Purpose, Prestige, Profit... What Lies behind a Wine? And Does it Matter?

In wine, as in art, there is a growing movement to take into account the motivation of the people who produced it. Robert Joseph grapples with the question of how much it matters?

Reading time: 4m 20s

Image logos: Good Ware, FreePik, Quda Design
Image logos: Good Ware, FreePik, Quda Design

Good, Quick, Cheap… Choose any two.

I’ve always loved this tongue-in-cheek concept, attributed to the late 19th century British philosopher John Ruskin, and popularised 100 years later by software engineers and project managers.

I’ve been on both sides of that line. Editors have asked me to write a properly researched and carefully thought-out article overnight – for which they’ve wanted to pay peanuts. And, as a customer, I’ve had to resist complaining at the quality of something I’d needed in a hurry.

Another set of terms that some believe to be similarly resistant to playing as a harmonious trio came up in an Italian Wine Podcast conversation with my friend and colleague, digital marketer, Polly Hammond.

Using marketing terms, she voiced the suggestion that wine producers may be primarily driven by a desire for profit or prestige or by a sense of purpose. The first of these, she suggested, embraces most of the high-volume products to be found on supermarket shelves and, consequently, in most wine drinkers’ glasses. Prestige, self-evidently refers to the pricier fare that few of us get to experience very often, while purpose covers the stuff wine critics and enthusiasts love to focus on: wines whose role is to reflect the soil, climate and culture of the place where they are produced, or the winemaker’s personality, or their detestation of sulphor dioxide.

Other Reasons

More confusingly, though, purpose could equally refer to something with no direct connection to wine, such as a charity or – like Josh Cellars - a desire to honour the winemaker’s parent. How possible is it, Hammond wondered, for a wine brand to fit into all three groups?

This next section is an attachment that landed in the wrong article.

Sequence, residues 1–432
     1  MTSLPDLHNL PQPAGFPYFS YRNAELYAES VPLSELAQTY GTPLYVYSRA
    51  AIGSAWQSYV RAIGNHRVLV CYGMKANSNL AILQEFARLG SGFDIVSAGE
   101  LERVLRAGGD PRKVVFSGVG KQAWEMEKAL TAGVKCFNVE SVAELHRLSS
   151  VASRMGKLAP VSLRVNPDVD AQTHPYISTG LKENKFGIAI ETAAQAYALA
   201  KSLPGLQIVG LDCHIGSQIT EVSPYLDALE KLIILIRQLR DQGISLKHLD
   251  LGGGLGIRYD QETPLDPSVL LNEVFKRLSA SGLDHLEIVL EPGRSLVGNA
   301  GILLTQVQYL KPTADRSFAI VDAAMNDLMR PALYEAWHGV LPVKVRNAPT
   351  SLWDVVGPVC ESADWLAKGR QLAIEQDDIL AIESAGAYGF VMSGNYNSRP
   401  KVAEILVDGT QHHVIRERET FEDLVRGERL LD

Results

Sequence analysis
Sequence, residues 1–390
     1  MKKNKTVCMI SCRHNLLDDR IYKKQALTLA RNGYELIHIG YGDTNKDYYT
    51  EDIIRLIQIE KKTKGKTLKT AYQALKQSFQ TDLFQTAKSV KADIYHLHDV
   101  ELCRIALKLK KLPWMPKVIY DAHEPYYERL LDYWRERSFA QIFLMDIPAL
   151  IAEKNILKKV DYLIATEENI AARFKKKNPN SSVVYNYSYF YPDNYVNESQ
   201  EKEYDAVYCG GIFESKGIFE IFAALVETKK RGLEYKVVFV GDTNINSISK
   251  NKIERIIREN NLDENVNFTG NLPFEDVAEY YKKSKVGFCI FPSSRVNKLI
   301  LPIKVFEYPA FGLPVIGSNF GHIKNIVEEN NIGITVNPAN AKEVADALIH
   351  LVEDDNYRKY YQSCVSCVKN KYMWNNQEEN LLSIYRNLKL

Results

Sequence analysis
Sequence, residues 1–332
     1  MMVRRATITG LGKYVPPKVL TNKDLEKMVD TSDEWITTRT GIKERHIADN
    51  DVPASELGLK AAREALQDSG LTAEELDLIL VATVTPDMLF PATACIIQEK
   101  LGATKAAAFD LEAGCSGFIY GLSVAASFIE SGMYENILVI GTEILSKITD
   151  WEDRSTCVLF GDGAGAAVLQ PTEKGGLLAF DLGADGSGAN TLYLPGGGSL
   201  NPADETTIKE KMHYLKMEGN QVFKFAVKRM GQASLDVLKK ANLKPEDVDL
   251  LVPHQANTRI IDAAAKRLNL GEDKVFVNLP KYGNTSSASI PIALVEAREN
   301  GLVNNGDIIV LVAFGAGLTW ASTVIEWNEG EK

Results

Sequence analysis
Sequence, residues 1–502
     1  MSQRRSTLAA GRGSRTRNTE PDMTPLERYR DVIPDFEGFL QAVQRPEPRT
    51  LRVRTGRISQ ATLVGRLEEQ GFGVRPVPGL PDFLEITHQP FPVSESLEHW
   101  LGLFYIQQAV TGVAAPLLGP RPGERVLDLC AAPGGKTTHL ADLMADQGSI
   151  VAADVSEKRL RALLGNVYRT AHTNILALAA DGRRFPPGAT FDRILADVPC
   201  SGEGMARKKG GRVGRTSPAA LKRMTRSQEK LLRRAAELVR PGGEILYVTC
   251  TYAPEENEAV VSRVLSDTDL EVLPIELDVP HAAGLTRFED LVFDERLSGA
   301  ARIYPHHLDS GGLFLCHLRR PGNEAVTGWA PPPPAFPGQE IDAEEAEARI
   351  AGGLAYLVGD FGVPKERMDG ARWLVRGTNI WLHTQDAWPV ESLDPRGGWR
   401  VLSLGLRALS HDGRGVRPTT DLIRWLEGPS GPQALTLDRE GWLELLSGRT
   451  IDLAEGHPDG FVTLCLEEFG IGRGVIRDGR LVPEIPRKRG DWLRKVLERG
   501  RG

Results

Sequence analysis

In considering the question, I had to delve a little deeper into the terms she had chosen. Getting a listing in a supermarket, and keeping it, certainly involves understanding the way those retailers operate, and their likely need to promote sales with discounts and other marketing tools. But does being sold by a big chain necessarily say that your motive is primarily driven by profit? I don’t think so, and nor would many relatively small businesses across a broad range of sectors that have been lucky enough to catch a supermarket buyer’s eye. Without that kind of broad retailing, many might not have survived; it isn’t always easy to find enough customers among large numbers of smaller outlets.

In any case, a substantial proportion of the bottles on the shelves of any large European retail store will have been produced by cooperatives, for the simple reason that these collective enterprises produce a similarly large proportion of Europe’s wine. Is their main motive profit, or sustainable income for the tens of thousands of their members who entrust them with their grapes? Bowie, Dylan and Prince are all associated with a keen appreciation of the financial value of their work. But was that really what drove them?

Besides, surely wanting to make a profit isn’t unlike a desire to remain alive; it’s just better than the alternative.

Of course, there are plenty of apparently cynically-created products and brands whose only role is seemingly to make money for their owners’ shareholders, but I suspect that identifying them might involve as much prejudice as genuine analysis. McDonalds,  Coca Cola and Barefoot would, I’m sure, all be seen as primarily driven by profit – by people who might feel very differently about a brand of sausages made from free-range, rare-breed pigs or an environmentally-friendly detergent.